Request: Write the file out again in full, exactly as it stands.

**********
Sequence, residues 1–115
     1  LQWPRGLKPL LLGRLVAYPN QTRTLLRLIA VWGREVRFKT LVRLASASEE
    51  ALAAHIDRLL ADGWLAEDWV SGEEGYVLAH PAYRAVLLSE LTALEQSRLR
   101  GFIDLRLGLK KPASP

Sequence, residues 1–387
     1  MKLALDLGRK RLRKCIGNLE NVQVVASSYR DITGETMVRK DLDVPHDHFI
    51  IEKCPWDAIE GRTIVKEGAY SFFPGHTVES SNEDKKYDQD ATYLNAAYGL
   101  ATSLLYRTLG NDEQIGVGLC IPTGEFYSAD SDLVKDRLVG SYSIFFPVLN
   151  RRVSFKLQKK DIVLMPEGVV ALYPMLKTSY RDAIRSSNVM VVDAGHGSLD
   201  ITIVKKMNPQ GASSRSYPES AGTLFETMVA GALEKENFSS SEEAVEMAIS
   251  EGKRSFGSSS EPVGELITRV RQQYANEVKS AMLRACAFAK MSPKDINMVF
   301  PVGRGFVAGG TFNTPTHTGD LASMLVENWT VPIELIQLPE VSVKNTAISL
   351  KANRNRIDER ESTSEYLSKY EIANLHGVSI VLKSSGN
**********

Sequence, residues 1–115
     1  LQWPRGLKPL LLGRLVAYPN QTRTLLRLIA VWGREVRFKT LVRLASASEE
    51  ALAAHIDRLL ADGWLAEDWV SGEEGYVLAH PAYRAVLLSE LTALEQSRLR
   101  GFIDLRLGLK KPASP

Sequence, residues 1–387
     1  MKLALDLGRK RLRKCIGNLE NVQVVASSYR DITGETMVRK DLDVPHDHFI
    51  IEKCPWDAIE GRTIVKEGAY SFFPGHTVES SNEDKKYDQD ATYLNAAYGL
   101  ATSLLYRTLG NDEQIGVGLC IPTGEFYSAD SDLVKDRLVG SYSIFFPVLN
   151  RRVSFKLQKK DIVLMPEGVV ALYPMLKTSY RDAIRSSNVM VVDAGHGSLD
   201  ITIVKKMNPQ GASSRSYPES AGTLFETMVA GALEKENFSS SEEAVEMAIS
   251  EGKRSFGSSS EPVGELITRV RQQYANEVKS AMLRACAFAK MSPKDINMVF
   301  PVGRGFVAGG TFNTPTHTGD LASMLVENWT VPIELIQLPE VSVKNTAISL
   351  KANRNRIDER ESTSEYLSKY EIANLHGVSI VLKSSGN